IRA contributions: The earlier, the better
If you’re under age 50, you can contribute up to $6,000 across 1 or more IRAs for tax year 2020. If you’re age 50 or older, the limit is slightly higher ($7,000).*
You can make an IRA contribution for a given year anytime between January 1 and the tax-filing deadline of the following year (usually April 15). The IRS has extended the 2020 tax filing and IRA contribution deadline to Monday, May 17, 2021. You can make a 2020 IRA contribution between January 1, 2020 and May 17, 2021—but we don’t recommend waiting. Here’s why.
The point of investing
You invest to earn money. The amount of money you earn depends primarily on 3 factors—2 of which you can control.
- Investment performance. You can’t control investment performance; that’s why all investing involves risk. The main cause of risk? Market movement, which affects your investment earnings (i.e., your total return).
- The amount you invest. You earn money through compounding—when your investment earnings generate their own earnings. If you contribute more, you have more money to generate earnings … which means you have more earnings to generate additional earnings. You can control the amount you invest as long as you stay within the annual IRA contribution limit.
- When you invest. If you wait until the deadline to make an IRA contribution, you’ve missed close to 16 months of compounding. If you have the financial flexibility to choose when you contribute to your IRA, do it as soon as possible. Learn how time is related to risk and reward.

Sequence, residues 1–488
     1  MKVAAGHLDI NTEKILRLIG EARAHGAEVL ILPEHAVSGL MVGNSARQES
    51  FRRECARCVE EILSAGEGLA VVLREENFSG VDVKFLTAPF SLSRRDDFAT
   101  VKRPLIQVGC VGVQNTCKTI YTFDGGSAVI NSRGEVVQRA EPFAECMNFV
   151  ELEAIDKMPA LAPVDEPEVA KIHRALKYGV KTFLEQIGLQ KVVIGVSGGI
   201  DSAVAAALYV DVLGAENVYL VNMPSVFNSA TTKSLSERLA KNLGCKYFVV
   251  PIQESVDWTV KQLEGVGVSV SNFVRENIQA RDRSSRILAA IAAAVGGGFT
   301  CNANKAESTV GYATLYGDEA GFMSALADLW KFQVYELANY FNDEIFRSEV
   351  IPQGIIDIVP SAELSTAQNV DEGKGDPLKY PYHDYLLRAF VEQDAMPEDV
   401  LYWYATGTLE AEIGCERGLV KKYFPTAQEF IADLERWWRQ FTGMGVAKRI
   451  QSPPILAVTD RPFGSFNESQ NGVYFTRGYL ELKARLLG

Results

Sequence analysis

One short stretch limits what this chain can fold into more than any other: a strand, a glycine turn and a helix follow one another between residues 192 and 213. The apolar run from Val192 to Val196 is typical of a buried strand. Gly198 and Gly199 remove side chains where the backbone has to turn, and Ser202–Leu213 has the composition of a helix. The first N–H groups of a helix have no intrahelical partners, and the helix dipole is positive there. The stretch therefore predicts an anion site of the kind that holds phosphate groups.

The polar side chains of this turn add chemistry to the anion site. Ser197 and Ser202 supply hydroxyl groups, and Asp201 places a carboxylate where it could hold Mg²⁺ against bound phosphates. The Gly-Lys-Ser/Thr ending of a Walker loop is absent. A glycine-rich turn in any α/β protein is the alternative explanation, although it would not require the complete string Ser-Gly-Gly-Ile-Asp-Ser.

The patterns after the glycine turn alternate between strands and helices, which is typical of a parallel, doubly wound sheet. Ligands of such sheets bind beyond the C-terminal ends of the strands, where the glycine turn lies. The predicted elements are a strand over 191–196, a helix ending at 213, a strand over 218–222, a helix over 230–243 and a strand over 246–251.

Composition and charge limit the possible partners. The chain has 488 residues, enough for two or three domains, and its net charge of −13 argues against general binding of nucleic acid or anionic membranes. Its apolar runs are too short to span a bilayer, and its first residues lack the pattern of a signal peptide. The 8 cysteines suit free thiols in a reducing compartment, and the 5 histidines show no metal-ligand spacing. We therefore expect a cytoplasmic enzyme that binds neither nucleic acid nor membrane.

Time is money
Let’s say you invest $5,500 in your IRA every year for 30 years and your average annual return is 4%.**
- Example A: You make a lump-sum investment every January and your end balance is $323,967, which includes $158,967 in earnings.
- Example B: You make a lump-sum investment every April and your end balance is $308,467, which includes $143,467 in earnings. That’s $15,500 less than you’d earn in Example A.
In each example, you’re contributing a total of $165,000 to your IRA over the course of 30 years. The difference in earnings is due entirely to the timing of your contributions.
Do your best
The hypothetical examples above represent what-if scenarios that aren’t always possible to replicate in real life. For instance, you may not be able to invest the same amount each year or have to skip a few years altogether. That’s okay. Take small steps toward saving 12%–15% of your gross income (including employer contributions) each year.
Maybe you don’t have the financial flexibility to make a lump-sum investment in your IRA—in January or April (or in any other month as a matter of fact). That’s okay too. Try setting up recurring automatic bank transfers. Making biweekly contributions over the course of 30 years (for a total contribution of $165,000) and earning a 4% average annual return would result in an end balance smaller than Example A but bigger than Example B. Not too shabby.
Want to get a better handle on your retirement goals? Take a look at our retirement income calculator. You can review your progress so far and determine what you may need in the future.
If you’re making an IRA contribution—no matter the amount and timing—you’re on the right track. All we’re saying is if you happen to find yourself in the position to make your annual IRA contribution before following year’s tax-filing deadline, go for it.
*You can never contribute more than you’ve earned for the year.
**This hypothetical example is provided for the purposes of illustration only. It doesn’t represent the return on any particular investment and the rate isn’t guaranteed. All figures are in today’s dollars. Assumes contributions on January 1 of the tax year and April 1 of the following year. Figure assumes each investor contributes $5,500 for 30 years ($165,000 total) and earns 4% annually after inflation. Source: Vanguard.
All investing is subject to risk, including the possible loss of the money you invest.
We recommend that you consult a tax or financial advisor about your individual situation.